” Essentially, crowdsourcing is distributed problem-solving. It is also called “open innovation” for its collaborative approach to finding new solutions to technical challenges. Canadian futurist, trendspotter and innovation expert Jim Carroll says: “It’s changing the classical approach to research and development. A lot of R&D is being done through crowdsourcing. I call it innovation occurring on the edges.”


Carroll says that interest in crowdsourcing is spreading, thanks to the inherent desire of small independent firms to make a big hit. “They can get a prototype out in about a month. Big companies can’t do that. If you’re a small startup competing for ideas you can do it and get it to market a lot faster.”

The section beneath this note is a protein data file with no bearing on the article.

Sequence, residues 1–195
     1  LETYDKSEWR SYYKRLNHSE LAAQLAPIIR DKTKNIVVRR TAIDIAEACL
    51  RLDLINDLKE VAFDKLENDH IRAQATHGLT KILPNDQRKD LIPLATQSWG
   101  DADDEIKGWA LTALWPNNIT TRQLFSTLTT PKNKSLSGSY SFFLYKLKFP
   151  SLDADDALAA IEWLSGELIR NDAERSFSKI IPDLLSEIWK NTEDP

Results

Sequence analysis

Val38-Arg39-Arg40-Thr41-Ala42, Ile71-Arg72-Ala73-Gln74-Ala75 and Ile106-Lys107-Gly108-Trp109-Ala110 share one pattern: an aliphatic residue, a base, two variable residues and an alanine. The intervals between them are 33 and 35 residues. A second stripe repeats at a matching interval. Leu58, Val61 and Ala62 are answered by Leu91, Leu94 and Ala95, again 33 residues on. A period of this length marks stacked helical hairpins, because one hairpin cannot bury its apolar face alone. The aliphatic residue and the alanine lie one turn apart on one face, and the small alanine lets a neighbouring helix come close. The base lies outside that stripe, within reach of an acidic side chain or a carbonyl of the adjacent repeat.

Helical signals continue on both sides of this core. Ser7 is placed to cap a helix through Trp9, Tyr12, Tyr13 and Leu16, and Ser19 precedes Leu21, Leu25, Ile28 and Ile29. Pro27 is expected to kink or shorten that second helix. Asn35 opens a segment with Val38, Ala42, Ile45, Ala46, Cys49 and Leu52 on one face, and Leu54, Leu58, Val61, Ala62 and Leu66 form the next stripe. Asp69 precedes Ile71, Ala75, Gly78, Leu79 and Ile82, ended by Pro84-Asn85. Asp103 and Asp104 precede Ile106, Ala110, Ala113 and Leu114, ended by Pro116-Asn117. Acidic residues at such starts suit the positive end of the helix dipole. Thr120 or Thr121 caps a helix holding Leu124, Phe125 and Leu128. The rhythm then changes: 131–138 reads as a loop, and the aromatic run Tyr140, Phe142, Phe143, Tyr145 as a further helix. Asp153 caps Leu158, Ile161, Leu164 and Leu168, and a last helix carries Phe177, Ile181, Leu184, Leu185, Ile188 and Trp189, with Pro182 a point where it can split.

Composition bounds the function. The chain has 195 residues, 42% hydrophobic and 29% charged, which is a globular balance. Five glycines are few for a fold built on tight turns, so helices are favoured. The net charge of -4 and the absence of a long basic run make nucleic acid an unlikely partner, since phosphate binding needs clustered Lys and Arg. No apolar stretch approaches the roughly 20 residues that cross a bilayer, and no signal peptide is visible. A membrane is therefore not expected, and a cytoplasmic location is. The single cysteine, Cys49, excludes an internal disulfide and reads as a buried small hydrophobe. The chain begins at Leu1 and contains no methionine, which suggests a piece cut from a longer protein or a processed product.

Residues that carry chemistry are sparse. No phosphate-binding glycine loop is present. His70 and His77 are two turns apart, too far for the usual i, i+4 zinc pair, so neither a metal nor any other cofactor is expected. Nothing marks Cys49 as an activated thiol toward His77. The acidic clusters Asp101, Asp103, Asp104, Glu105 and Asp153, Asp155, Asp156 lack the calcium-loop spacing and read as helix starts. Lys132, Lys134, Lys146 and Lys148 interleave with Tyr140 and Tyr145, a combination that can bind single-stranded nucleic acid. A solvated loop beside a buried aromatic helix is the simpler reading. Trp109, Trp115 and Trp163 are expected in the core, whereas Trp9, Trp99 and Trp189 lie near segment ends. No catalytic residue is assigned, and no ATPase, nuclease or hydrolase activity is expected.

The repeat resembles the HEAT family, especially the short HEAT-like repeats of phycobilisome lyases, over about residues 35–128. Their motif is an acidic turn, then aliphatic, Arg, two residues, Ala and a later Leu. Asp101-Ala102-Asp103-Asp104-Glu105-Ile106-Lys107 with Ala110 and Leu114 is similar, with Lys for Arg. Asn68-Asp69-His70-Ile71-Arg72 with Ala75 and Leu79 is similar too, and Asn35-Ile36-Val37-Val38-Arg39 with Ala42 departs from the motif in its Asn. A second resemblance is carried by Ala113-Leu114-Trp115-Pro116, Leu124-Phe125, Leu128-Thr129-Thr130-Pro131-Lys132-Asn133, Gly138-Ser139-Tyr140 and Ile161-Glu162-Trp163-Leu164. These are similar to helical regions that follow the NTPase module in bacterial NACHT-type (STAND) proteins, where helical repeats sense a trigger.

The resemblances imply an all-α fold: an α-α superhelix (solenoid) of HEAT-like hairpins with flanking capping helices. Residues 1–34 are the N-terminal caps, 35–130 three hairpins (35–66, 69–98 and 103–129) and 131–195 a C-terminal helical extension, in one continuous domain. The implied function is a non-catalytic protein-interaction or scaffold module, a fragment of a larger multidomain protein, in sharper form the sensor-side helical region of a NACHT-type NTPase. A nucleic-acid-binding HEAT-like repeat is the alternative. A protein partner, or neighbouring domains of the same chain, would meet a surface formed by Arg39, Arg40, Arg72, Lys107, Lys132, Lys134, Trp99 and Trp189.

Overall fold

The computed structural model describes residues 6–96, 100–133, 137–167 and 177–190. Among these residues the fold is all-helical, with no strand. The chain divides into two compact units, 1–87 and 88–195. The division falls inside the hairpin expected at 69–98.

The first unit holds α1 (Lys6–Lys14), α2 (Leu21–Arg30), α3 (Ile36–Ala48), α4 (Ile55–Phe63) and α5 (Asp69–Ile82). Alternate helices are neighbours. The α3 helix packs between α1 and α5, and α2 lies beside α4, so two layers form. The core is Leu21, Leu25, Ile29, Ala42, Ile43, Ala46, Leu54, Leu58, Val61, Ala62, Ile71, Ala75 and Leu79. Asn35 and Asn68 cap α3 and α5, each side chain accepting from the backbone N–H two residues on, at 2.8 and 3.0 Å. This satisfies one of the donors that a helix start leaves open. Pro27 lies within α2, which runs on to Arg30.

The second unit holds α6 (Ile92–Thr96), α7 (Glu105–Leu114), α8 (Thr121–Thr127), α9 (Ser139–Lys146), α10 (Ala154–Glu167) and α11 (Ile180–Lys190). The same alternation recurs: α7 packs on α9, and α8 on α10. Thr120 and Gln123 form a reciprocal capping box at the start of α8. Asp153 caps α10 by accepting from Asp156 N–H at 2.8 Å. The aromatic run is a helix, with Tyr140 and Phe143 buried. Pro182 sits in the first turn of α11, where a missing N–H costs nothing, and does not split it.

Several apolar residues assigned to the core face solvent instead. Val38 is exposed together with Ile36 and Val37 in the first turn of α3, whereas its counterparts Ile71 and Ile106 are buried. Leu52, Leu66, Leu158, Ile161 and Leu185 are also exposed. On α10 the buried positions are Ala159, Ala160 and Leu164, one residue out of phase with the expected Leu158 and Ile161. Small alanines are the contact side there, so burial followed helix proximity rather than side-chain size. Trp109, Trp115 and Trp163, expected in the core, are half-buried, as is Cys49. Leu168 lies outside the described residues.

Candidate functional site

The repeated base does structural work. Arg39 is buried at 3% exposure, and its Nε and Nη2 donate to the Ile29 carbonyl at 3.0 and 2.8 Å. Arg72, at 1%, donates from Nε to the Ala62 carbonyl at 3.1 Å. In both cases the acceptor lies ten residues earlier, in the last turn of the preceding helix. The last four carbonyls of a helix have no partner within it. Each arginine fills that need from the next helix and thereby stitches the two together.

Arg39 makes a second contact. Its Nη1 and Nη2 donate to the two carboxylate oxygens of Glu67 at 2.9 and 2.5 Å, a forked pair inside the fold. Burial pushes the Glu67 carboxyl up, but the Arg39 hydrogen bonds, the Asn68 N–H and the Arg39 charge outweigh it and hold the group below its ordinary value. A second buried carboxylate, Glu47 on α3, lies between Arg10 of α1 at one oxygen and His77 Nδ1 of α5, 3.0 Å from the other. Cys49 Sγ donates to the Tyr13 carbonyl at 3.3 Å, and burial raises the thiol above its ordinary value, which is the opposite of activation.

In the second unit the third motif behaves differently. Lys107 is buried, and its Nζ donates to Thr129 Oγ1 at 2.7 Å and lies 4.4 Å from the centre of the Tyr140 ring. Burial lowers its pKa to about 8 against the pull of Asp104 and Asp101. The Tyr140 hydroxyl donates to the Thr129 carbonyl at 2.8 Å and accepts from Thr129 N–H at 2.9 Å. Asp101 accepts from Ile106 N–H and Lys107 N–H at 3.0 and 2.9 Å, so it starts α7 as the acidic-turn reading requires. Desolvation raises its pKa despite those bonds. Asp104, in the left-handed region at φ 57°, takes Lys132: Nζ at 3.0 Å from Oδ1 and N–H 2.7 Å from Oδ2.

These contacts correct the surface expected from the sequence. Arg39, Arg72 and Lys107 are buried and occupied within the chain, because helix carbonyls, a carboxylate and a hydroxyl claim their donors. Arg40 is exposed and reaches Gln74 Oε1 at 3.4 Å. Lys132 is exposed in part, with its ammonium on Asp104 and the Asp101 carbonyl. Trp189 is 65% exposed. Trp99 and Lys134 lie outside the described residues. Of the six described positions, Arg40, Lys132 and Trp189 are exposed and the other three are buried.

Then there’s the issue of compensation and ownership of crowdsourced innovations. Large corporations may pay little more than a few thousand dollars for a bright idea that may make them far more money. This risks alienating the crowdsourcing ecosphere. However, leveraging the resources and ability to scale of a large organization may be worth the risks for some. Carroll says that the phenomenon will “play out in different ways. People will come to realize the currency of their ideas.” Conversely, he says, a lot of promising ideas touted by crowdsource participants may not deliver on time or on spec. “It’s very hard work to get the bloody thing built and tested, and that’s a risk with crowdsourcing.”

The economics of crowdsourcing is only one aspect, however, and the compelling attraction of a thousand independent minds finding ways to solve your innovation challenge is undeniable. A fresh perspective is always welcome.

You can read the full article here.